With the discovery of the role of MGP in vascular calcification, vitamin K was proposed as a treatment to modify the development of vascular calcification and the risk of CV disease in CKD. Circulating MGP is used as a surrogate of vitamin K status: dp-ucMGP level inversely correlates with vitamin K level. Multiple observational studies have shown significant associations between higher levels of dp-ucMGP and lower levels of cMGP with vascular calcification in patients with CKD and ESKD (Table 1). These studies were cross-sectional; therefore, causal inferences could not be made. Subsequent studies evaluated the effect of vitamin K supplementation on vascular calcification. In patients with ESKD, supplementation with vitamin K resulted in a decrease of dp-ucMGP levels (Table 2). However, we cannot make any conclusions with certainty based on these studies because they were limited to 6 to 8 weeks of follow-up and did not measure vascular calcification scores. Clinical trials evaluating the effect of long-term vitamin K supplementation on vascular calcification, cardiovascular events, and mortality are currently ongoing.

Table 1.

Association between vitamin K level and vascular calcification in CKD and ESKD

Table 1.
Table 2.

Effect of vitamin K supplementation on dephosphorylated-uncarboxylated MGP level in ESKD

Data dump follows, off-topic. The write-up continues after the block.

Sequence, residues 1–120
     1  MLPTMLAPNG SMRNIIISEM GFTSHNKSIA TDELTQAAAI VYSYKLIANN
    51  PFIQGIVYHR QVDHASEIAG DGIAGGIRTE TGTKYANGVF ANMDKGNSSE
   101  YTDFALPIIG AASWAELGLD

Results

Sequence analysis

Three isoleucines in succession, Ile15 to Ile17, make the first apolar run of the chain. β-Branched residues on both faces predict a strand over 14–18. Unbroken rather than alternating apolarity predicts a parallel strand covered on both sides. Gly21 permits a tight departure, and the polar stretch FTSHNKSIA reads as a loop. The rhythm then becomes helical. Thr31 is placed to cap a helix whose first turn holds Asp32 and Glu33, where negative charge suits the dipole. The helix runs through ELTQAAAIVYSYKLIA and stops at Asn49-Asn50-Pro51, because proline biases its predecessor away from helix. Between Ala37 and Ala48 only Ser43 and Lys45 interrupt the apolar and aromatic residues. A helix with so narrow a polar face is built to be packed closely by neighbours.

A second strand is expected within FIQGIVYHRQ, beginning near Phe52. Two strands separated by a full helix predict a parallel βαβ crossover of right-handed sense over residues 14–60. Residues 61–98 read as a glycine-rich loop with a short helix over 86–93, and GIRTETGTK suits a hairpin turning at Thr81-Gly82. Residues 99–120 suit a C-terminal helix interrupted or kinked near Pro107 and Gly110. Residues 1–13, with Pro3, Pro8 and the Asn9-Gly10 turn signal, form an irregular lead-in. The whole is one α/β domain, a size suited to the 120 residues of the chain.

Table 2.

What can we do now?

While we await the ongoing vitamin K supplementation clinical trials that will give us a more definite answer to the question whether vitamin K supplementation can improve CV outcomes in patients with kidney disease, should we be giving all our CKD and ESKD patients vitamin K supplements?

There is no known toxicity of vitamin K, nor is there an upper level of intake. Additionally, vitamin K supplementation does not seem to increase the risk of thrombosis or stroke. Therefore, it seems to be a treatment with relatively little harm but with potentially significant benefit—a treatment that we may be justified to use more liberally.

Furthermore, should we be actively switching our patients from vitamin K antagonists such as warfarin to the novel anticoagulants when possible? This is currently recommended in patients with calciphylaxis, but we should perhaps be more liberal in prescribing novel anticoagulant agents for our patients with CKD and ESKD. This effort may decrease CV events and improve outcomes in these patients.